Assumptions, Dimensionality and Some of the Original Motivations Behind Deep Learning

Deep learning seems to be everywhere today. Not a week goes by in which we don’t hear new announcements or press releases about new deep learning technologies. Like any other uber-popular technology trend with mainstream press coverage, deep learning has been subjected to a lot of misconceptions. In my opinion, there have been many articles out there that make little distinction between deep learning, machine learning or artificial intelligence which results extremely confusing for even technically savvy readers.

One way to understand the difference between deep learning with other cognitive computing disciplines such as machine learning or artificial intelligence is to understand some of the original factors that motivated the creation of deep learning from a theoretical standpoint. In principle, deep learning was created to address some of the limitations of traditional machine learning algorithms in several areas. Among those challenges, I like to cite two that, in my opinion, became key accelerators to the raise of deep learning: the curse of dimensionality and assumption formulation.

Too Many Dimensions, Too Little Data: The Challenge of Dimensionality in Machine Learning

Machine learning algorithms have been long learning before the creation of deep learning. From that perspective, a question we should ask is: what were the limitations of traditional machine learning models that triggered the emergence of deep learning? The answer might boil down to a single word: dimensionality.

Traditional supervised and unsupervised machine learning models operate very efficiently on scenarios with a manageable number of dimensions but they become increasingly challenged when the number of dimensions in a dataset increases. That challenge is a consequence of the fact that the number of combinations of attributes in a dataset increases literally exponentially as the number of dimension grows. The industry has even labeled that phenomenon with the tragic name of the “curse of dimensionality”.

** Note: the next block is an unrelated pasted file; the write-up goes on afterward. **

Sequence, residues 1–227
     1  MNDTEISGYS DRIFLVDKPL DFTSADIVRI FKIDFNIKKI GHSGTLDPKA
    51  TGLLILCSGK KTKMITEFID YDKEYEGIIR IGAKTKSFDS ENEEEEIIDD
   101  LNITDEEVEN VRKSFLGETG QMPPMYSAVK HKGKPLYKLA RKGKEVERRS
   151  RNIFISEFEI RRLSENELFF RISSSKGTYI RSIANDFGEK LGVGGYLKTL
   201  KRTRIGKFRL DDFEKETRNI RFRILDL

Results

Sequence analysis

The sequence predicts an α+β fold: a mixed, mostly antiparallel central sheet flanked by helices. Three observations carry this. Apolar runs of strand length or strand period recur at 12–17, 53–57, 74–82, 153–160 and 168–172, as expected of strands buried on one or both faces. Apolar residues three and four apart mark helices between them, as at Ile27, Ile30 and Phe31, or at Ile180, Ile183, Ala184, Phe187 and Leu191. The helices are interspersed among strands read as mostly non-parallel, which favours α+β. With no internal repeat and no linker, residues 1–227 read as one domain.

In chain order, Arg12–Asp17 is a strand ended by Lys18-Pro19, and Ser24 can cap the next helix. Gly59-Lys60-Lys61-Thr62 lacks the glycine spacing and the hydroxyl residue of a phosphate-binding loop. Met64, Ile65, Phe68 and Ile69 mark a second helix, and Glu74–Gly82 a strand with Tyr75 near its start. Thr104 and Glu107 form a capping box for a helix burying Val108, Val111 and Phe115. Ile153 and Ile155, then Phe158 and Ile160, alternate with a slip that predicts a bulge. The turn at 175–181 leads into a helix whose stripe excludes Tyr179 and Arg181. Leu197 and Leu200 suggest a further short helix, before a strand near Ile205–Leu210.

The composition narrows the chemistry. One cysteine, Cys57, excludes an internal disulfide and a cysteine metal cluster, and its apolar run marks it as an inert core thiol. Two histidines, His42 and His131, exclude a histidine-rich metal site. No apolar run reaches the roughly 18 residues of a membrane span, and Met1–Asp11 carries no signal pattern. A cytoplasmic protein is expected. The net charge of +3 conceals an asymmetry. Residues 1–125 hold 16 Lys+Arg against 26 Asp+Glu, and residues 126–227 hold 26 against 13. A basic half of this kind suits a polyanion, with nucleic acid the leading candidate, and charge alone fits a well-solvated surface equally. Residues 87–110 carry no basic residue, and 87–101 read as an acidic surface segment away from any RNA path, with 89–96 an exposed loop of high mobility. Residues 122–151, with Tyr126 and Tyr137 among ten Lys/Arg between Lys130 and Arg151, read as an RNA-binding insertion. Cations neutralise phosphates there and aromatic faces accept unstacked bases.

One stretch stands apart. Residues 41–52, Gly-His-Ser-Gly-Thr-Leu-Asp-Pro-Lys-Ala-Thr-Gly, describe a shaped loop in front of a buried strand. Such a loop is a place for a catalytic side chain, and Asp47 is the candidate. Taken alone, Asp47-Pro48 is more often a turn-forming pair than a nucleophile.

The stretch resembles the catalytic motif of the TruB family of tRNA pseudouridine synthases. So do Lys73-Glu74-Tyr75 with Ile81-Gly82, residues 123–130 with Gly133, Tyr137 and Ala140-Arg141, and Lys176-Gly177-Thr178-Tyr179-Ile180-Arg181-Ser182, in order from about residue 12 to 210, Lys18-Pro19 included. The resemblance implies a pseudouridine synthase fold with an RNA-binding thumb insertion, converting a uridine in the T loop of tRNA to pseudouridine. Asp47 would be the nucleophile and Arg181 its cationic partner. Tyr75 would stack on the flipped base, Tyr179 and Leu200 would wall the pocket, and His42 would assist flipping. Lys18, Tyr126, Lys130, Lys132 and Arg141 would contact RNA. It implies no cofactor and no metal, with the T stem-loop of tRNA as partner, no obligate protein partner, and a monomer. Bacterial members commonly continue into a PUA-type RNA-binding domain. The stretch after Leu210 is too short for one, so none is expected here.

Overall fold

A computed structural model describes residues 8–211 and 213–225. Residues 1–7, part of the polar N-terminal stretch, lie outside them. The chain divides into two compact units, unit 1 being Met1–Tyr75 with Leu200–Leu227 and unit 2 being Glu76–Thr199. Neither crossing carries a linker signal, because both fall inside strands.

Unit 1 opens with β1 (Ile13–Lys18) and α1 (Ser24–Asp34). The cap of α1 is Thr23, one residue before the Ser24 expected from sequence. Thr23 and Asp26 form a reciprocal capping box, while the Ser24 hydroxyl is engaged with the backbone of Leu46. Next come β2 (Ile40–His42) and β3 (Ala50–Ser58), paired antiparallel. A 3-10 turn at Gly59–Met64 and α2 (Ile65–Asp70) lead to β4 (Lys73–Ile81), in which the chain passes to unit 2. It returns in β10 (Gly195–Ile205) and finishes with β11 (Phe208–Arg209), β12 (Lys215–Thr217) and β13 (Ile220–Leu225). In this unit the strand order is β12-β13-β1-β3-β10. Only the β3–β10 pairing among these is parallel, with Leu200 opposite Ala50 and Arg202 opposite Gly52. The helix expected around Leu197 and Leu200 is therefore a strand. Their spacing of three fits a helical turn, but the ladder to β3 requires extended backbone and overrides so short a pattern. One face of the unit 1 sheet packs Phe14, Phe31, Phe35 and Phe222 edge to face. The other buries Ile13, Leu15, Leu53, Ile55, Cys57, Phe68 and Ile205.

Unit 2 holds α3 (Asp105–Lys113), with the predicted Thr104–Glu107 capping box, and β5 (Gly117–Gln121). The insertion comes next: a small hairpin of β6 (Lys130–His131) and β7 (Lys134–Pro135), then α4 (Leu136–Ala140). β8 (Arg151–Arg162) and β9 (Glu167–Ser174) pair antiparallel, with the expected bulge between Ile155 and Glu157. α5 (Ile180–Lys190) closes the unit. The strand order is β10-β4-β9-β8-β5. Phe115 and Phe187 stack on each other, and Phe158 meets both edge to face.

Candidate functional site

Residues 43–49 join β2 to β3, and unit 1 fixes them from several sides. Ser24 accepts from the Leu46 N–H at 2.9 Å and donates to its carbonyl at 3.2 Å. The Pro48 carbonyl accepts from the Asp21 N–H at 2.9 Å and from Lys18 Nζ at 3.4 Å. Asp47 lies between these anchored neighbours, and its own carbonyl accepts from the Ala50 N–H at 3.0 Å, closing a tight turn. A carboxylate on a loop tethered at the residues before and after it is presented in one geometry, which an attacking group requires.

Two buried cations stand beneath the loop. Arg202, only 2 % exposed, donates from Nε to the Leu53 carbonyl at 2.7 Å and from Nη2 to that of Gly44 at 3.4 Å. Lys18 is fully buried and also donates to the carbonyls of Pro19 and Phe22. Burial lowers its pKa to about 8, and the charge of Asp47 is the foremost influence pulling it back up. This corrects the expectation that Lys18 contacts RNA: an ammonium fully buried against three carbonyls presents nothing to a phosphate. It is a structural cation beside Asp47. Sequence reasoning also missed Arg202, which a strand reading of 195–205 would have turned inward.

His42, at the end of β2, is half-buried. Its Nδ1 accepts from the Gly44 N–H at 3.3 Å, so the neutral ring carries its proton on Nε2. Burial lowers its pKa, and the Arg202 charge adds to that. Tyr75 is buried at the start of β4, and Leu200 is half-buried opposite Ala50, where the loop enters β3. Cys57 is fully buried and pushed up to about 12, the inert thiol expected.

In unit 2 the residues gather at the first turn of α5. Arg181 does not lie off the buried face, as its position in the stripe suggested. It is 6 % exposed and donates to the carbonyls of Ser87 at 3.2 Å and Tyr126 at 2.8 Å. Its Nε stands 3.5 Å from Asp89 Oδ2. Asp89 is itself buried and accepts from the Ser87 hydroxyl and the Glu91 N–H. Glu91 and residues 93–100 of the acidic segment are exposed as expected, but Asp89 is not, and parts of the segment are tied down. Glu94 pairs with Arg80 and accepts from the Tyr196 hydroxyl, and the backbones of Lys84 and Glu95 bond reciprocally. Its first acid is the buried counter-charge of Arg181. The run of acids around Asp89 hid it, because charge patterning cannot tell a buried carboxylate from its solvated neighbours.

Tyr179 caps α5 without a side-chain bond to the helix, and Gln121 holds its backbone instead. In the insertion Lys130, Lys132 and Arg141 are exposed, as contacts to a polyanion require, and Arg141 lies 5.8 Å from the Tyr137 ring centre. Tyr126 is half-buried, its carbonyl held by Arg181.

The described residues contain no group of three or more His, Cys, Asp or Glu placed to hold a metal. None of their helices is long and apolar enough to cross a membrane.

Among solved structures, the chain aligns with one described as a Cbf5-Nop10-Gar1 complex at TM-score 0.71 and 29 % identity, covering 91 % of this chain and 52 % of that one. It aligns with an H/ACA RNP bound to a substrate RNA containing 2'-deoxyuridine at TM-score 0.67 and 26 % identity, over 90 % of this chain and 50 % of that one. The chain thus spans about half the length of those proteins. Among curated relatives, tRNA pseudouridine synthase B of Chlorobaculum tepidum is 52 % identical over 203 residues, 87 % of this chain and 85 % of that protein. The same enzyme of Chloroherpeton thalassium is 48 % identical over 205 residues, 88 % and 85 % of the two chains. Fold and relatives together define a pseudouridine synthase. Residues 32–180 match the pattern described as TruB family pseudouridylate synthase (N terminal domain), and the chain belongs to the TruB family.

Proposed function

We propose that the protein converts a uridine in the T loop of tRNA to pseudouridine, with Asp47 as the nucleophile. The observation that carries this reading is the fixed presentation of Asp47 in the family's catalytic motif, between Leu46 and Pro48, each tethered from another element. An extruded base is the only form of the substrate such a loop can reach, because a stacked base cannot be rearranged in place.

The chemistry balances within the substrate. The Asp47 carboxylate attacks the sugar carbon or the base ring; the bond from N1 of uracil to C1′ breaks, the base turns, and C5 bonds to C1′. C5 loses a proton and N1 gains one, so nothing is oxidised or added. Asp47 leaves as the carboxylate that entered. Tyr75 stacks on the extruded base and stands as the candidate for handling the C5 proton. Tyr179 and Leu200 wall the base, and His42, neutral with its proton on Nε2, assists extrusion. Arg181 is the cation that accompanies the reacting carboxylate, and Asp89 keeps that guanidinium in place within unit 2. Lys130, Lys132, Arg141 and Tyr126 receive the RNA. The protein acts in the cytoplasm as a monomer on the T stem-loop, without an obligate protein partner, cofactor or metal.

In the context of traditional machine learning algorithms, the curse of dimensionality becomes apparent when the number of configurations of dimensions in a dataset vastly outnumbers the number of training samples. Think about it, the purpose of machine learning algorithms is to generalize knowledge based on input data but, in a high dimensionality space, many combinations of dimensions are likely to have no training data associated with it. At that point, how can we generalize knowledge from which we haven’t seen any factual data? Before you state the obvious fact that the curse of dimensionality can be solved with more training data, consider that, in scenarios with a large number of dimensions, sometimes the data is simply not available or the computational costs associated with the training processes are prohibited.

So what can we do?

Making Assumptions

What do we typically do when we don’t know something? We make assumptions of course! Similarly, the whole field of deep learning is based on making assumptions to be able to generalize knowledge in high dimensionality scenarios. Technically, assumptions in deep learning algorithms are based on “prior beliefs” about the types of hypothesis a model should be learning. For instance, a classic assumption known as the Smoothness Prior states that the hypothesis functions should not change drastically within a small region of a dataset. So if we know certain hypothesis function for a specific segment of the dataset, we should assume that data points closer to that segment will comply with a small variation of that hypothesis. Another traditional assumption in deep learning relies on the principle that data was generated by a composition of factors that can be represented in some hierarchical form.

There are a large number of assumptions made in deep learning models. Assumptions help to generalize knowledge in the absence of data and without experiencing immense computation costs. I will deep dive into the subject of assumptions in deep learning algorithms in a later post.

CEO of IntoTheBlock, Chief Scientist at Invector Labs, I write The Sequence Newsletter, Guest lecturer at Columbia University, Angel Investor, Author, Speaker.

CEO of IntoTheBlock, Chief Scientist at Invector Labs, I write The Sequence Newsletter, Guest lecturer at Columbia University, Angel Investor, Author, Speaker.